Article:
Saturday, December 3, 2005

The 450

We’ve heard from our friends in the classified union, who’ve been negotiating a contract for the 450 classified employees of the district.

The good news: after many negotiating sessions, most issues have been resolved.

The bad news: there remain serious sticking points, and negotiations have bogged down. There’s been little progress over the past several months. People are mighty frustrated. And peeved.

If you’ve been to recent Board meetings, you know what I’m talking about!


Have you heard about the “Johnson and Associates” study? Eighteen months ago, the board agreed to hire J & A, an independent contractor, to develop a “classification and compensation plan for all positions in the classified bargaining unit at a cost not to exceed $98,500.”

$100K! Jeez, after spending that kind of money, one might suppose that the Board would listen to J & A’s advice!


(The Board has a history of responding to pricey studies by tossing them in the trash or even acting in defiance of their recommendations. It’s like the Bush administration: if they don’t like a study’s conclusion, then the study gets deep-sixed, and that’s that. It doesn't matter how good it is, or how much taxpayer money has been spent on it!)

J & A’s study addressed all classified positions. Employees were asked to complete a twelve page detailed description of their jobs. These descriptions were then sent to supervisors, and then to area managers, for their input. The results were sent to J & A, which then interviewed employees.

The upshot of the process was a re-titling or re-definition of classified employees in terms of standard roles and jobs. After some adjustments and corrections, J & A then compared existing classified jobs in the district (with the new titles) to similar positions in local school districts.

Seems fair.

Based on these comparisons, J & A produced a list that identified “equitable” salaries for all of the new (standardized) job descriptions.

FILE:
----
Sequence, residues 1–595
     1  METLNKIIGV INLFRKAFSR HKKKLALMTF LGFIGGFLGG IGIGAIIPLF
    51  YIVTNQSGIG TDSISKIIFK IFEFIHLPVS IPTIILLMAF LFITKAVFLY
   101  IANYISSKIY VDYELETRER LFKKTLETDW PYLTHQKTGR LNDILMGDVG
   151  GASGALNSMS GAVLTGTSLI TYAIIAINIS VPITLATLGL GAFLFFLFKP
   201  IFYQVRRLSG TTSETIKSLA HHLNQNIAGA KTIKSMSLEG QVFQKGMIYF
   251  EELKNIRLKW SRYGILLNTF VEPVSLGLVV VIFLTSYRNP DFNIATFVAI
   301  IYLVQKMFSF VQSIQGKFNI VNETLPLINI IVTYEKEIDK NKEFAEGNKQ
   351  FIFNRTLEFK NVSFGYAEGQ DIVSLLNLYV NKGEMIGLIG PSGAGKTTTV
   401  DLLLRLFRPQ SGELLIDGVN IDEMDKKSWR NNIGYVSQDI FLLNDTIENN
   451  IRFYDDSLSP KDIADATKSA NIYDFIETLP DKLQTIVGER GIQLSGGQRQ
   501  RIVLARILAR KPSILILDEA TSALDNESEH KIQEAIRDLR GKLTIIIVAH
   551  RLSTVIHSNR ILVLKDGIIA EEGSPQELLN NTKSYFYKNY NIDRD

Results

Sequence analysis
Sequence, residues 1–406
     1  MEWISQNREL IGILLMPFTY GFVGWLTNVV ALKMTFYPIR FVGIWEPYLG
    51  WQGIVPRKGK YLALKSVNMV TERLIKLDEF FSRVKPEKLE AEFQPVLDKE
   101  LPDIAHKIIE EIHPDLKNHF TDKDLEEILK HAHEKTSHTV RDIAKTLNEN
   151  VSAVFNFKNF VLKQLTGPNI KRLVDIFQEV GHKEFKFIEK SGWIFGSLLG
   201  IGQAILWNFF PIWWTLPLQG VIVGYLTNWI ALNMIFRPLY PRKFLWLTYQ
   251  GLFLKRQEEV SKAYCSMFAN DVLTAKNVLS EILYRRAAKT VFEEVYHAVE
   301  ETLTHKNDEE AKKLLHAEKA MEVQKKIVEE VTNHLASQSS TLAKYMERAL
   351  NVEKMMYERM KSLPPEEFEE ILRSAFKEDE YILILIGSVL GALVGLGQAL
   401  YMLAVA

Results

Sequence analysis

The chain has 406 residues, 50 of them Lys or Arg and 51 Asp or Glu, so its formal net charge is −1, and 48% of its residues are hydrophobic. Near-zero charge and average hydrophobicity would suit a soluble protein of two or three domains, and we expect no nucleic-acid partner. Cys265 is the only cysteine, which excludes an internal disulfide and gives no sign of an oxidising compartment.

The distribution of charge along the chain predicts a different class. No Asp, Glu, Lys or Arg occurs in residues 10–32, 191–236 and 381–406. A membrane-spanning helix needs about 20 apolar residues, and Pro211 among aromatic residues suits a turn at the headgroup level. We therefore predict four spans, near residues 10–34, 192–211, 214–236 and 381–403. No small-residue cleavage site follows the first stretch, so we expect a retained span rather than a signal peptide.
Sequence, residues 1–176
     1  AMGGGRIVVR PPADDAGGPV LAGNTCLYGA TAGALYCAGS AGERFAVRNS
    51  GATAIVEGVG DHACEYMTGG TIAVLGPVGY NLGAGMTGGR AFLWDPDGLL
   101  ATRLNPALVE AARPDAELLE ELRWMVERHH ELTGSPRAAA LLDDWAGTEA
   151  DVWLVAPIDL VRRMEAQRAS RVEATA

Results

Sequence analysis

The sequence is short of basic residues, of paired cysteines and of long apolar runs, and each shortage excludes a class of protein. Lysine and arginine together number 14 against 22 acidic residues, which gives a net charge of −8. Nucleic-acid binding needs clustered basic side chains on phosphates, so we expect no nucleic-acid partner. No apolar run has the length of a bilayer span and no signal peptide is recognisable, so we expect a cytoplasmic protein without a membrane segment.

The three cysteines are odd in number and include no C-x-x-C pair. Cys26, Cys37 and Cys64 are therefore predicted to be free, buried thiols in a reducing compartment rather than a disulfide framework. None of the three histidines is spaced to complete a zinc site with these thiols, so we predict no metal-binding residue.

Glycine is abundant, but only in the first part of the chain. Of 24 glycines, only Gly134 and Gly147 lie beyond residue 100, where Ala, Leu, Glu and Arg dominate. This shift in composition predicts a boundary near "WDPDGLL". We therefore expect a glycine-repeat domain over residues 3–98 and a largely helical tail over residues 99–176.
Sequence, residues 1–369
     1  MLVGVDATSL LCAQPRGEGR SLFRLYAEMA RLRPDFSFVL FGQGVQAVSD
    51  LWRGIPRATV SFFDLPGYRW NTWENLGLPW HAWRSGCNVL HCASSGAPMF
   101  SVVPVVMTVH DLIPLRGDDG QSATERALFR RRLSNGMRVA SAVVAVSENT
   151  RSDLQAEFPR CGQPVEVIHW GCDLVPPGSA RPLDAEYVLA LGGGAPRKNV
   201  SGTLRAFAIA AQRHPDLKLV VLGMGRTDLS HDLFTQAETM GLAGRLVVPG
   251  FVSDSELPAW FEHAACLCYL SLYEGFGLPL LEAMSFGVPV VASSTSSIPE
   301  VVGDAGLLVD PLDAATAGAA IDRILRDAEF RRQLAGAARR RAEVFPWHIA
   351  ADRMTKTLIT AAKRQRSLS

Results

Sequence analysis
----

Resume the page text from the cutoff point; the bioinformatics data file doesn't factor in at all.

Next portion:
This list included a very few positions that would freeze in pay until the cost of living rose to meet recommended compensation. Many other positions showed a 2.5% raise recommendation ranging up to three positions with a 31% raise. Most of the actual dollars per month increases hover under $100 with a few spiking up from that.

While there is some dissent regarding the recommendations, overall, employees are pleased with Johnson and Associates’ reclass study.


Here’s one reason that classified employees are hopping mad: over the next five years the cost of the classified managers’ raises will be roughly $1.9 million!

That’s for only 28 employees!

(You’ll recall the curious timing of these raises. A year ago, as the Board approached a decision re Mathur’s contract and Raghu couldn’t scrape anybody up to speak on his behalf, these stunning raises suddenly materialized. Classified managers—some long known for their low regard of the Chancellor—then showed up at Board meetings to sing the fellow’s praises!)

From the perspective of classified employees, the classified managers’ raises were arbitrary. And they did not reflect the findings of a comparison study done by The Hay Company.


In negotiations, the District has offered the classified staff “next dollar” raises, to be implemented over the next three years. Are you kidding?

CSEA’s calculations indicate that classified employees can secure “equitable pay” in terms of the J & A study for a cost of $1.7 million.

That’s for all 450 employees!


Negotiations have at times become pretty rocky. At one point, unbeknownst to the Board, the J & A study was taken off the negotiations table by lawyer Steve Andelson (the Chief Negotiator for the District).

When Board members learned of this, unsurprisingly, they were surprised. (Same old story. Those people get their info from Mathur.)

In view of the raises that have been bestowed upon all other constituent group in the district—and the recommendations of the J & A study—fairness surely demands that the district come through with a decent offer.

In addition to compliance with the Johnson study, classified negotiators have pressed for a cost of living raise equivalent to the state mandated COLA for the next three—plus continued complete medical coverage.

Wanna support our classified brethren (and, um, sistren)? Talk to ‘em. Come to Board meetings wearing red. Speak up!

(Note: the "sexy" photo above is from a recent issue of the Lariat. --CW)

Friday, December 2, 2005

Friday Updatery

1. ACCRED STRING ALONGITUDE. Weeks ago, the Accreds said they’d send us drafts of their reports—i.e., their responses to the two colleges’ responses to the Accreds’ recommendations.

It was Accred maven Deborah Blue, I think, who said the drafts would arrive by Nov. 17. Well, the 17th came and went, and nothin’ materialized. Jeepers! Then Blue, or somebody, promised to have the drafts to us by this week. As far as I know, that hasn’t happened. Dang!